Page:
9th Circuit Revives Class Action Over Disposable Wipes

SAN FRANCISCO (CN) – A Ninth Circuit panel on Friday revived a false advertising class action over the “flushability” of Kimberly-Clark disposable wipes.

A three-judge panel reversed the dismissal of Jennifer Davidson’s 2013 class action against Kimberly-Clark and its subsidiaries, finding Davidson did not have to allege the wipes damaged her own plumbing pipes to sue the company.

“Under California law, the economic injury of paying a premium for a falsely advertised product is sufficient harm to maintain a cause of action,” Circuit Judge Mary Murguia wrote for the panel in the 24-page opinion.

Davidson filed her class action in 2013, claiming she bought Scotts Naturals Flushable Moist Wipes from a San Francisco supermarket based on her belief that the wipes were “specially designed to be suitable for flushing down her toilet without causing problems in her plumbing or at the water treatment plant.”

In her amended complaint, Davidson cited news reports detailing plumbing clogs and treatment plant problems involving the wipes, but it was not entirely clear whether other items flushed down the toilet – like rags, cigarettes and kitty litter – may have contributed to the clogs.

U.S. District Judge Phyllis Hamilton dismissed Davidson’s amended complaint in December 2014, finding the plaintiff failed to allege concrete harm and that she lacked standing to make Kimberly-Clark remove the “flushable” label from its products.

But the Ninth Circuit rejected that reasoning, finding Davidson only had to allege “she was exposed to false information” that caused her to pay a higher price or purchase the wipes when she otherwise would not have.

The circuit judges also found when Hamilton dismissed Davidson’s original complaint, the judge unreasonably required Davidson to allege how she “came to believe” the product was misrepresented.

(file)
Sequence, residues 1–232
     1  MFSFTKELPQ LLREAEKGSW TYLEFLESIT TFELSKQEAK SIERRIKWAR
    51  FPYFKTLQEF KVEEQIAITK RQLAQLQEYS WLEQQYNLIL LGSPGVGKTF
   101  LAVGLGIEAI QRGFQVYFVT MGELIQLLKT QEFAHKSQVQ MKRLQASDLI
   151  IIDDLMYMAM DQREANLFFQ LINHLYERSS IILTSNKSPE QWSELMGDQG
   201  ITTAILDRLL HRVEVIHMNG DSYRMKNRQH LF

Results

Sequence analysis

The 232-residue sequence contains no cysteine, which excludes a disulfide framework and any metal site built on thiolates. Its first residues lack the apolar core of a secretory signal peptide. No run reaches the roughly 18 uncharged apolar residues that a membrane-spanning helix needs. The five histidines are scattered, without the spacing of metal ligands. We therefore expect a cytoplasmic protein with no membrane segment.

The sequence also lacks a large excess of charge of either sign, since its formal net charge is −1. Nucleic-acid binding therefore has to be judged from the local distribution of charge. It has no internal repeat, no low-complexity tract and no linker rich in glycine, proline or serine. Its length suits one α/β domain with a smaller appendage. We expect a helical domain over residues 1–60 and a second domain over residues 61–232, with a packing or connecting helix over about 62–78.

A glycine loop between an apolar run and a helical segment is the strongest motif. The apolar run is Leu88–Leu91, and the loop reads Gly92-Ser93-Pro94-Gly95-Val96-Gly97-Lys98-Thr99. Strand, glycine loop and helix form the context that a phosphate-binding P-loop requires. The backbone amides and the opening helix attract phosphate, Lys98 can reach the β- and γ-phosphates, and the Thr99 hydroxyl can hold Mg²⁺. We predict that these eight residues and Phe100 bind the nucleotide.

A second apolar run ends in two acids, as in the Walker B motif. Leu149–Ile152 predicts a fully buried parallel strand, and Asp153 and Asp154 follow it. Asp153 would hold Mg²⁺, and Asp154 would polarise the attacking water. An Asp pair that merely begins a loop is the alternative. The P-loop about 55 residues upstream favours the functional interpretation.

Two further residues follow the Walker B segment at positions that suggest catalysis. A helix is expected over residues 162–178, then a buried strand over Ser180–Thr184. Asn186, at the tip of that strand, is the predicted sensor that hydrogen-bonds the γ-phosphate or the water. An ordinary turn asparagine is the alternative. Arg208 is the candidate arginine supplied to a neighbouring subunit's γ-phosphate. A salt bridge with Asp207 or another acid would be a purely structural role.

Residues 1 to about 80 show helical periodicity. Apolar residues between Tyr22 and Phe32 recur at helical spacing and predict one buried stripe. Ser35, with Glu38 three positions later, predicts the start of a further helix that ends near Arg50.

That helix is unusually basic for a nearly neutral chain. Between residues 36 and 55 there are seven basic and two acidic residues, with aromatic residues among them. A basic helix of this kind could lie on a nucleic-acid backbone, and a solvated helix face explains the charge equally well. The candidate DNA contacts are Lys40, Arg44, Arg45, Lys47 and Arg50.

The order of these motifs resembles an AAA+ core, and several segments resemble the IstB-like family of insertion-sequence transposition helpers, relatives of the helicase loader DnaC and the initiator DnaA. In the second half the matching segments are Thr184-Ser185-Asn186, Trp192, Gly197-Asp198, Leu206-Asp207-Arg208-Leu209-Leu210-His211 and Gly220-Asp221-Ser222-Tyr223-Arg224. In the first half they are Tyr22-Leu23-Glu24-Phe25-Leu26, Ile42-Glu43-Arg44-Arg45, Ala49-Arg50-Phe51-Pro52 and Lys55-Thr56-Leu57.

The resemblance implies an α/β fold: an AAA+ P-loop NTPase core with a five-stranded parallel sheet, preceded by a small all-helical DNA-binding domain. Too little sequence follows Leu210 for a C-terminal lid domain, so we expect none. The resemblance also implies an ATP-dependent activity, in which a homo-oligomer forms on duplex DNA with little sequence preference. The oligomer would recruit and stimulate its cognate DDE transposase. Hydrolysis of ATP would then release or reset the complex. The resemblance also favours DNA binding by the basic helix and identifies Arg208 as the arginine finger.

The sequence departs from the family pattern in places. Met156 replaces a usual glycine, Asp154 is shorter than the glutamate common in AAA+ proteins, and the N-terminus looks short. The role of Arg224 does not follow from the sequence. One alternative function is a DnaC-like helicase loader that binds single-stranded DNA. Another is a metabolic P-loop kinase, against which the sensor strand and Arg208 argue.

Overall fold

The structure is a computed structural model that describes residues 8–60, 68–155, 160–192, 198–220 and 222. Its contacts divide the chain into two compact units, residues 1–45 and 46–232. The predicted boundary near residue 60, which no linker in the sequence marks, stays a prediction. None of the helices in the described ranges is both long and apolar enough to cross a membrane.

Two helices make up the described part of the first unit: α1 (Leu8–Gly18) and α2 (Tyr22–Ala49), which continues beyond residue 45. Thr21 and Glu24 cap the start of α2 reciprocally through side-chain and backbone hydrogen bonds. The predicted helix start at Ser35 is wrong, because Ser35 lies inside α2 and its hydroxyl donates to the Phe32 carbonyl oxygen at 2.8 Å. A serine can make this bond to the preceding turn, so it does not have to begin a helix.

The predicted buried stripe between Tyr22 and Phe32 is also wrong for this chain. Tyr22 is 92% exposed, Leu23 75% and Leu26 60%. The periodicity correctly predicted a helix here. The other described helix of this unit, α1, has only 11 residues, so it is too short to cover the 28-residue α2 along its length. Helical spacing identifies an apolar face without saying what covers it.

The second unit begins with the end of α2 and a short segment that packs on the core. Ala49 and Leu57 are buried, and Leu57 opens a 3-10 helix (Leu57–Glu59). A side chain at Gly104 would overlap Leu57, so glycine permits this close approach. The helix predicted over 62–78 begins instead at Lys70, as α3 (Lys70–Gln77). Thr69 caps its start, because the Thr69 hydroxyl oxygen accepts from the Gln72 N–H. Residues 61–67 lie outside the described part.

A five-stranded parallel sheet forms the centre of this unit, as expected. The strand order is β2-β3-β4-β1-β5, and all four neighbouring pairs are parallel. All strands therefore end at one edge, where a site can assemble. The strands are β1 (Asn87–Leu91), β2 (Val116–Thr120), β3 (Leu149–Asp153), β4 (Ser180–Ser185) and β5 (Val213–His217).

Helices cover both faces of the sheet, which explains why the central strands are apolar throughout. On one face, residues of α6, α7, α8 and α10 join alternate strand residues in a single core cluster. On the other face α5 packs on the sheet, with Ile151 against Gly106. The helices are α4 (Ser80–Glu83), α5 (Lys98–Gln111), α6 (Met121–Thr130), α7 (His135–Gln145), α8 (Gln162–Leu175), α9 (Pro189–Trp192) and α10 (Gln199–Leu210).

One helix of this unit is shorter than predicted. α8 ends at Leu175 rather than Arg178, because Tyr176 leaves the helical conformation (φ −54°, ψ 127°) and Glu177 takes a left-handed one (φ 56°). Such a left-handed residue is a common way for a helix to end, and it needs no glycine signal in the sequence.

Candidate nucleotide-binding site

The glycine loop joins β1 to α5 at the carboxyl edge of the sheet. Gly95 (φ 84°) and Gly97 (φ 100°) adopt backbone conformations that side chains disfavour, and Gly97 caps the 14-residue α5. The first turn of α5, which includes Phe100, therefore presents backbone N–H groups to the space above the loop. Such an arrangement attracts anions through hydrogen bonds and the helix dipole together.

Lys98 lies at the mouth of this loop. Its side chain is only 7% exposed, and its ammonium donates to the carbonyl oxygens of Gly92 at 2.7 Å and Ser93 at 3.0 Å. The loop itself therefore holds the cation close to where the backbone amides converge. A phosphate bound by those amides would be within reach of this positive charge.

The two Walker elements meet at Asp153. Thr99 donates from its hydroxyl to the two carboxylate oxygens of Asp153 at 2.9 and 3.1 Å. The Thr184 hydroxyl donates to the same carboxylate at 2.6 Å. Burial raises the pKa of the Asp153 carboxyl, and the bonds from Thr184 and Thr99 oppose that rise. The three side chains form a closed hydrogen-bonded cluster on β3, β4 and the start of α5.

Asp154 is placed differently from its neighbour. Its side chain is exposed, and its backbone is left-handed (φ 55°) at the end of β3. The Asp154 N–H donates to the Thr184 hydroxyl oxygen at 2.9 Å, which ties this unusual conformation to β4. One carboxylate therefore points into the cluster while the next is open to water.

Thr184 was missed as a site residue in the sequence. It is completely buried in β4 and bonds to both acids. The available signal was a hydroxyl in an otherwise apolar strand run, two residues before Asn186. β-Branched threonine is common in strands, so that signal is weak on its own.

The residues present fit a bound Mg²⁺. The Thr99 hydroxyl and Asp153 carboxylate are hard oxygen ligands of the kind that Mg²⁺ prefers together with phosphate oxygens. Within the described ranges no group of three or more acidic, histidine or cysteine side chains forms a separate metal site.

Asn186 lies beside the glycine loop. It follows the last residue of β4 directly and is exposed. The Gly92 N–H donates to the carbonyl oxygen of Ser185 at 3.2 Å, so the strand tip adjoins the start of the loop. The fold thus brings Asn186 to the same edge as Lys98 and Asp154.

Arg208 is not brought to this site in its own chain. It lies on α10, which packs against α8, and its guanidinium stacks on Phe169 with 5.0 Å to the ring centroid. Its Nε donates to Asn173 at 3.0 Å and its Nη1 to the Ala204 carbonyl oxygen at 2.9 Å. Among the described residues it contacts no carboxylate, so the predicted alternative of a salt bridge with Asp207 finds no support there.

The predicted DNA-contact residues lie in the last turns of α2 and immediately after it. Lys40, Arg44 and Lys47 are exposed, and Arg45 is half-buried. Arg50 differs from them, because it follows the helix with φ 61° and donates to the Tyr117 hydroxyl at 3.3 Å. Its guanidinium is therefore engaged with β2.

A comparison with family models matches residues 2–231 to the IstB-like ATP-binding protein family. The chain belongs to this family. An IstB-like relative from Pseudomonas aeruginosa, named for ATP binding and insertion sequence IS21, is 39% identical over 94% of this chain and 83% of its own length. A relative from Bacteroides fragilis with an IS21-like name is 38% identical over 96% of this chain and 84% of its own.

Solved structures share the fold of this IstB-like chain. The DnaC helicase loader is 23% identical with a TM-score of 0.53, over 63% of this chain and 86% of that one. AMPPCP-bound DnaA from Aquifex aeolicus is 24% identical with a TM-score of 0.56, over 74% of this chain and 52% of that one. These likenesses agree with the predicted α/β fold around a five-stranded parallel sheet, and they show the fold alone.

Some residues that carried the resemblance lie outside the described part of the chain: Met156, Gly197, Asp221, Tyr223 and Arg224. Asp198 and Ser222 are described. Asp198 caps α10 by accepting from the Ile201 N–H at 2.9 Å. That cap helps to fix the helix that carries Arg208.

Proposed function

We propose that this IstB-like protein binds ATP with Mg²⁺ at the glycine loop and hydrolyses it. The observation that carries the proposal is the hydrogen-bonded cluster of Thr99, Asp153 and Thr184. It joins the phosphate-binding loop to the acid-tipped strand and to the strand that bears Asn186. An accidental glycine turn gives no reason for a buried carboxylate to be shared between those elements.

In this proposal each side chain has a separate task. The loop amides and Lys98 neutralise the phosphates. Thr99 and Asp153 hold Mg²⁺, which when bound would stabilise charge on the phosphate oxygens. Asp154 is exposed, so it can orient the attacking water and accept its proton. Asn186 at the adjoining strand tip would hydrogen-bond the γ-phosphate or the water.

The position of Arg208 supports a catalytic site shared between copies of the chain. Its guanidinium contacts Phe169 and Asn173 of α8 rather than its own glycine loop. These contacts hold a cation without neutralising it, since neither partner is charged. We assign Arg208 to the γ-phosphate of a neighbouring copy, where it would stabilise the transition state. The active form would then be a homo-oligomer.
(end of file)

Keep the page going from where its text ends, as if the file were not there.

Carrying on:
“We are aware of no authority that specifically requires a plaintiff bringing a consumer fraud claim to allege how she ‘came to believe’ that the product was misrepresented when, as in this case, all the Rule 9(b) considerations have been met,” Murguia wrote.

Additionally, the panel rejected Hamilton’s conclusion that Davidson lacks standing to seek an injunction to make Kimberly-Clark stop labeling the wipes as “flushable.”

In its decision Friday, the panel resolved a split among federal courts within the Ninth Circuit over whether consumers previously deceived by a false advertisement can seek injunctive relief under California law.

The panel held that a previously deceived consumer, like Davidson, may suffer “actual and imminent” future harm and therefore have standing to seek an injunction.

“Knowledge that the advertisement or label was false in the past does not equate to knowledge that it will remain false in the future,” Murguria wrote.

Circuit Judge Marsha Berzon wrote in a concurring opinion that plaintiffs like Davidson should not be subject to duplicative tests to establish standing for both monetary and injunctive relief.

Although the Ninth Circuit has previously held a separate standing analysis is required for each form of relief sought, pursuant to the 1983 Supreme Court ruling City of Los Angeles v. Lyons, Berzon said she does not agree with that interpretation of the law.

“Under California law, if Davidson prevails on her false advertising claim and is entitled to restitution, she is equally entitled to an injunction,” the circuit judge wrote.

But Berzon nonetheless concurred with her panel colleagues, concluding that “as long as a separate standing analysis is necessary despite the state prescription of more or less automatic prospective relief, that requirement is met here.”

U.S. District Judge Jon McCalla, sitting by designation from the Western District of Texas, joined Murguia and Berzon on the panel.

Davidson’s attorney, Matthew McCrary of Gutride Safier in San Francisco, said he and his client are pleased the Ninth Circuit ruled that federal courts can issue injunctions to stop false advertising under California law.

“For too long Kimberly Clark has defrauded consumers by calling its wet wipes ‘flushable’ even though they can clog toilets and sewers,” McCrary said in an email. “We are very pleased that the Ninth Circuit agreed that this case should proceed, so that purchasers can obtain refunds.”

Kimberly-Clark is represented by Constantine Trela Jr. of Sidley Austin in Chicago, who did not return a request for comment.

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